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UW’s Jackstädt Center – Focus on interdisciplinary entrepreneurship and innovation research


von / by Prof. Dr. Peter Witt
Board of Management, Jackstädt Center

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The University of Wuppertal has a long tradition of research into entrepreneurship and innovation. With its chosen name of ‘Schumpeter School of Business and Economics’, the Faculty of Economics demonstrates the crucial importance of Joseph Schumpeter’s theories of innovation and entrepreneurship for economics teaching and research at UW. Founded at the university in 2003, the Institute of Entrepreneurship and Innovation Research was followed in 2011 by the Jackstädt Center for Entrepreneurship and Innovation Research, whose interdisciplinary focus adds significant new strength to an established UW tradition.

The Jackstädt Center enables UW to pursue its dual aim of top level future-oriented research on the one hand and transdisciplinary knowledge transfer, with an emphasis on entrepreneurship and innovation, on the other. Knowledge transfer here is conceived as a two-way traffic in which the university takes on problems from commerce and industry and applies its knowledge and skills to the development of appropriate solutions.

The establishment of the Jackstädt Center at UW was made possible by the successful acquisition of third-party funding of €1.5 m. over a five year period from the Dr. Werner Jackstädt-Stiftung. This regional private foundation and its initiator enjoy a reputation that reaches far beyond the City of Wuppertal. Dr. h. c. Werner Jackstädt took over Jackstädt GmbH, a fine paper goods wholesalers established by his father, Wilhelm Jackstädt, in Wuppertal in 1921, and built it up to become one of the world’s leading producers of self-adhesive papers and foils (incl. customized products). In 2002 Jackstädt sold his company to the Avery Dennison Corporation and invested part of the proceeds in the foundation that now bears his name. The Jackstädt Foundation is an independent nonprofit organization established in Wuppertal under German private law with the primary purpose of promoting knowledge and research in medicine and economics – in the latter field above all in business economics, with special reference to the work of young researchers in that area. The foundation’s current assets amount to some €180 m.

UW has profited from Jackstädt’s ideals and generosity in the form of two new junior professorships in the Faculty of Economics funded by the Foundation and held since mid 2012 by Prof. Dr. Vivien Procher and Prof. Dr. Diemo Urbig, both of whom have excellent qualifications in the field of entrepreneurship and innovation research. Doctoral students and undergraduate assistants complete the Jackstädt Center team, whose Board of Management consists of four UW professors: Prof. Dr. Christine Volkmann (Chairperson), Prof. Dr. Werner Bönte (Deputy Chairperson), Prof. Dr. Michael Fallgatter (Dean of the Schumpeter School), and Prof. Dr. Peter Witt. An Advisory Board of six experts from the worlds of business, academia, and politics supports the Center in its collaboration with regional enterprises, associations, and decision makers.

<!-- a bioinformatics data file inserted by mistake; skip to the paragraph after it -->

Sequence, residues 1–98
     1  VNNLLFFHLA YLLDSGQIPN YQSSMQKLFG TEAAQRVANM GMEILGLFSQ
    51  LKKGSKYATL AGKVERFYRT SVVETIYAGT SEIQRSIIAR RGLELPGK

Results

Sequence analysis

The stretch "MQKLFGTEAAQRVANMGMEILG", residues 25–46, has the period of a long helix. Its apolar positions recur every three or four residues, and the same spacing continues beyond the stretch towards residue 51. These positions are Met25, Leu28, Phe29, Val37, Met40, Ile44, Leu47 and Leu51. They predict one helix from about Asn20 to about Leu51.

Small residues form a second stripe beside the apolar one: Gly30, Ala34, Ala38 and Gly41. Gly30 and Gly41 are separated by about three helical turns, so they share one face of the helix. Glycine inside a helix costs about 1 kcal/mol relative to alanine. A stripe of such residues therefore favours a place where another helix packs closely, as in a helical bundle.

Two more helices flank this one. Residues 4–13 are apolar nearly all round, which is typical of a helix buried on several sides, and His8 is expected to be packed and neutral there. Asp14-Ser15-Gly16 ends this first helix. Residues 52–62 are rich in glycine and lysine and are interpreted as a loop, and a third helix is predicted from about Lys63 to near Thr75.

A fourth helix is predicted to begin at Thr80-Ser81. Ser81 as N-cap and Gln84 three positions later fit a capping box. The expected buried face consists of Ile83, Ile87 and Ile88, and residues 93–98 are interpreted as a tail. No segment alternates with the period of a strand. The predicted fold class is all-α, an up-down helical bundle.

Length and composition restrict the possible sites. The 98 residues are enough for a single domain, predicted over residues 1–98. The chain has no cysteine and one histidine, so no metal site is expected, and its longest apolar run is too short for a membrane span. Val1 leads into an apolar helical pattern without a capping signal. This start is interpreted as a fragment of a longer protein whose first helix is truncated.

However, the Jackstädt Center does not see its fields of research and cooperation as confined to Wuppertal and the surrounding region of the Bergisch Land. Published in renowned journals and presented at key conferences, its research is visible both nationally and internationally, and cooperations with other leading research institutes – e.g. the Universities of St. Gallen (Schweiz), Tilburg (Netherlands), Indiana (USA), and Illinois (Chicago, USA) – create an international network of excellence that benefits both the university and the region of Wuppertal. A new exchange program with Indiana and Tilburg, for example, has added a fresh international aspect to doctoral studies in entrepreneurship.

Current research at Jackstädt is focused on the one hand on the entrepreneur and key decision making processes. Recent studies have shown the extent to which confidence in their personal performance, combined with broad risk appraisal skills, enables people to take the plunge and realize their start-up idea. Here, prior entrepreneurial experience significantly enhances the prospects of further start-up successes. Another important finding is that potential as well as actual entrepreneurs are considerably more interested in the social consequences of their activities than are people who would simply describe themselves as good businessmen and women. Other studies highlight the role played at the national economic level by entrepreneurs whose prime motivation is social improvement, and show how financial models for this sector can be developed along the same lines as those used for businesses launched directly for gain.

The other main focus of research at the Jackstädt Center is innovation management and its success factors. A particular problem here is the impact of financial restrictions on innovation, especially in unlisted medium-sized companies whose R&D budget is generally confined to immediately relevant applications. A Jackstädt study indicates how financial bottlenecks can be compensated in such circumstances. Another question is the significance of patents for successful innovation management. Patents tell potential investors that a technological development has been completed and market success is possible. Yet current research also shows that subsequent failure can have serious consequences in the financial markets. Further research activities concern international aspects of innovation management, especially the international expansion of medium-sized companies with innovative products, and the circumstances in which international operations should be discontinued.

www.jackstaedt.uni-wuppertal.de

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